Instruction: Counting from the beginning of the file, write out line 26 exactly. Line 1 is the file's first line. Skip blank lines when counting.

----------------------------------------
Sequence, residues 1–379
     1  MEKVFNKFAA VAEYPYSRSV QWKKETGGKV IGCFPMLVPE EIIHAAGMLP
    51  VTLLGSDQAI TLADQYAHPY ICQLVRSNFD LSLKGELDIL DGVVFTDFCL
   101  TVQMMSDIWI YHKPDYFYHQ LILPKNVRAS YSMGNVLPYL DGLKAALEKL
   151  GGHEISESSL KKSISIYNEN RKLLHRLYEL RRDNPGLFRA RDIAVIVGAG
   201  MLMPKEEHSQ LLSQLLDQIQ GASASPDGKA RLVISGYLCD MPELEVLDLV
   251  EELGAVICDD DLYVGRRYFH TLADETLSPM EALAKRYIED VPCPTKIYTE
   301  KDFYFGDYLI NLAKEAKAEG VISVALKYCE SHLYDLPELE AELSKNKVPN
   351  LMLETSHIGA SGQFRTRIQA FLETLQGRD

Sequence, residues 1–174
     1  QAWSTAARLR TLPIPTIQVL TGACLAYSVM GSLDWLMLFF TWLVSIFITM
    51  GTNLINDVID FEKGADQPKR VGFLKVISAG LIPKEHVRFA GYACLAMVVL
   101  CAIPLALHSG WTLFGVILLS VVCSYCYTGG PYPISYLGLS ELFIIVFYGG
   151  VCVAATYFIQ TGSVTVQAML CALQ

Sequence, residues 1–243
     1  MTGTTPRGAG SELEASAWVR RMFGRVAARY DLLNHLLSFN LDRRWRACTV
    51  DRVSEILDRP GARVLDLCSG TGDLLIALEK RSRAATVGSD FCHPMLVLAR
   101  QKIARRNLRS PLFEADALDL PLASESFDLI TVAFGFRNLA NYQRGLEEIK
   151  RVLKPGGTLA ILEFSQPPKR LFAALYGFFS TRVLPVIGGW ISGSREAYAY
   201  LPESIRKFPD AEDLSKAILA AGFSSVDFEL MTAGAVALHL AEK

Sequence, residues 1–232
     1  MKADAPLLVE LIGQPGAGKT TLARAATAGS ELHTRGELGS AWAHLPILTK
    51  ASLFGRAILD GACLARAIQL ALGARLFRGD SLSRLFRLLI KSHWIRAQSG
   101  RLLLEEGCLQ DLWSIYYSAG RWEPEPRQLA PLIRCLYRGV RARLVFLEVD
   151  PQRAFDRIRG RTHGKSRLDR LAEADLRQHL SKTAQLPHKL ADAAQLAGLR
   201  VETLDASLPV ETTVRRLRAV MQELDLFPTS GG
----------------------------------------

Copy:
   201  VETLDASLPV ETTVRRLRAV MQELDLFPTS GG